A lot of kitchen markets have no roofs covering their inhabitants, so there is a huge possibility of getting wet in a downpour, increasing the chances of spreading the mud all across the floor, unlike at a supermarket.
When it comes to the service time, the serving time of kacha bazaar beats the time of the supermarkets by a large margin. But then again, the service time is extended by the supermarkets simply because they pack the goods neatly and pay special attention to the customer's preferences. In a kitchen market, the seller will show interest in you as long as you have the money. As long as you have the money, you are a very important person, but the moment you've paid up, you are just one of the crowd. In a kitchen market, although they cut the meat and fish according to your needs, their packing methods are most primitive. In terms of customer satisfaction, supermarkets beat kitchen markets in terms of service quality if not in service time.
But of course, the fun of shopping wouldn't be as much without bargaining. People who go to the supermarkets are deprived of the results that come from bargaining. Bargaining is an art, and people who can do it best, reap the most from it. However, doing it in a supermarket is useless because prices are fixed. At a kitchen market though, you can bargain away to your heart's content and end up with some real 'steals'. As I mentioned before, however, people now opt for paying extra just so that they can avoid wasting time haggling.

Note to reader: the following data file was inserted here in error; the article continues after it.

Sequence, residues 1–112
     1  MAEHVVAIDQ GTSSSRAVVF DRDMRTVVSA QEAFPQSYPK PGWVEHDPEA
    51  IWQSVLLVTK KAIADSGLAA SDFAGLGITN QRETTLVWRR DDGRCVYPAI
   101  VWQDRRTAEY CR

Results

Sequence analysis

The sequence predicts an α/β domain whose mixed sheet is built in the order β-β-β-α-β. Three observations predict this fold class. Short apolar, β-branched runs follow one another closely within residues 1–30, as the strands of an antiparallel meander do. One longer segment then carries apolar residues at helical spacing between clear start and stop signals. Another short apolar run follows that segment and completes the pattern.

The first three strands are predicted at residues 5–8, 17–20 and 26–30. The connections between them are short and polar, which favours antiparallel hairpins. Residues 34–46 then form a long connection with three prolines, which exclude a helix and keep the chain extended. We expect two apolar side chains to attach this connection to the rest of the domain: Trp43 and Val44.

There are quality items in both the kitchen market and the supermarket. The only difference is that in a kitchen market, you have to hunt down the good-quality stuff while in a supermarket, the goods that are available there are all of high quality. Supermarkets generally maintain a high-quality stock mainly because of the goodwill factor that is associated with these kinds of markets.